Why use a Business Property Relief Discretionary Trust?

Business Property Relief (BPR)

By | Business Property Relief | No Comments

What is BPR? A relief applied to business property and can provide up to 100% relief from Inheritance Tax. There are a number of conditions which are required to be met: The business must be a qualifying business, The business must be what is referred to as ‘relevant business property’, and; Ownership conditions must be fulfilled. The business must be a trading business rather than an investment business and therefore must meet the ‘wholly and mainly’ test of trading, meaning that the business must not consist wholly or mainly of the making or holding of investments. In other words; businesses which deal in securities, stocks and shares or in land and buildings such as buy-to-let portfolios will not attract the relief. Property developing itself may attract the relief but the renting out of property is an investment activity therefore making it a mixed business and if the business consists of…

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Abatement

By | Abatement | No Comments

Abatement is the statutory order in which assets are used towards expenses, liabilities and debts. This order is dependent on whether the estate is solvent or insolvent. Where the estate is insolvent (the estate is insufficient to meet its liabilities), all gifts in the Will fail, as everything will be used to meet the estate’s liabilities. Where the estate is solvent (the estate is sufficient to meet its liabilities), the order in which assets are used to cover liabilities is covered by the First Schedule of the Administration of Estates Act 1925, however, to fully understand the order stated in the 1925 Act a distinction should be made between the various types of gifts that can be made in a Will. Specific gifts are gifts of some particular identifiable possession or item that is a distinguishable part of the Testator’s estate. For example, gifts of chattels, jewellery, real property or…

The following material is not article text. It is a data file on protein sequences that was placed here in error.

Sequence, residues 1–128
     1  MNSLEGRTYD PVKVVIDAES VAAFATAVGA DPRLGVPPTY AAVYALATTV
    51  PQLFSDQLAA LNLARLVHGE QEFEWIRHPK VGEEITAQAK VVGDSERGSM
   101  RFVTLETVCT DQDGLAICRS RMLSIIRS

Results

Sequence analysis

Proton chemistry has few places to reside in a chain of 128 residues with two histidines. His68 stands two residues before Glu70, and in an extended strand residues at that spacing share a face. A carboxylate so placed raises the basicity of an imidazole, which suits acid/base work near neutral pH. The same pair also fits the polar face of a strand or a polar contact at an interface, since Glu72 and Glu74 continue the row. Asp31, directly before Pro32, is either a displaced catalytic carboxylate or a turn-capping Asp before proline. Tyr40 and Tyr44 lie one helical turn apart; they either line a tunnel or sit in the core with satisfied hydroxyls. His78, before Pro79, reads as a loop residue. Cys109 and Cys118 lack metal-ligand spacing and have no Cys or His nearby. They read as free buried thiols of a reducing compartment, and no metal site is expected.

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General Discretionary Trust

By | Trustees, Trusts | No Comments

A General/Standard Discretionary Trust has a wide range of uses from protecting assets from the beneficiaries themselves, or third parties seeking money from the beneficiaries. As the assets are held by the Trust, it is out of direct reach of the beneficiaries and is not considered as part of their estate. However, for the Trust to work in this way, there must be more than one beneficiary of the Trust, otherwise the assets are deemed to be owned by that one beneficiary, making this level of protection ineffective. The General Discretionary Trust is useful for making provisions for a dependant, or any other person(s) who could claim under the Inheritance (Provisions for Family and Dependants) Act 1975, without them directly inheriting. This reduces the risk of a successful claim against the estate. This could, however, leave the Trustees in a difficult position of being pressured by this beneficiary. The Trust…

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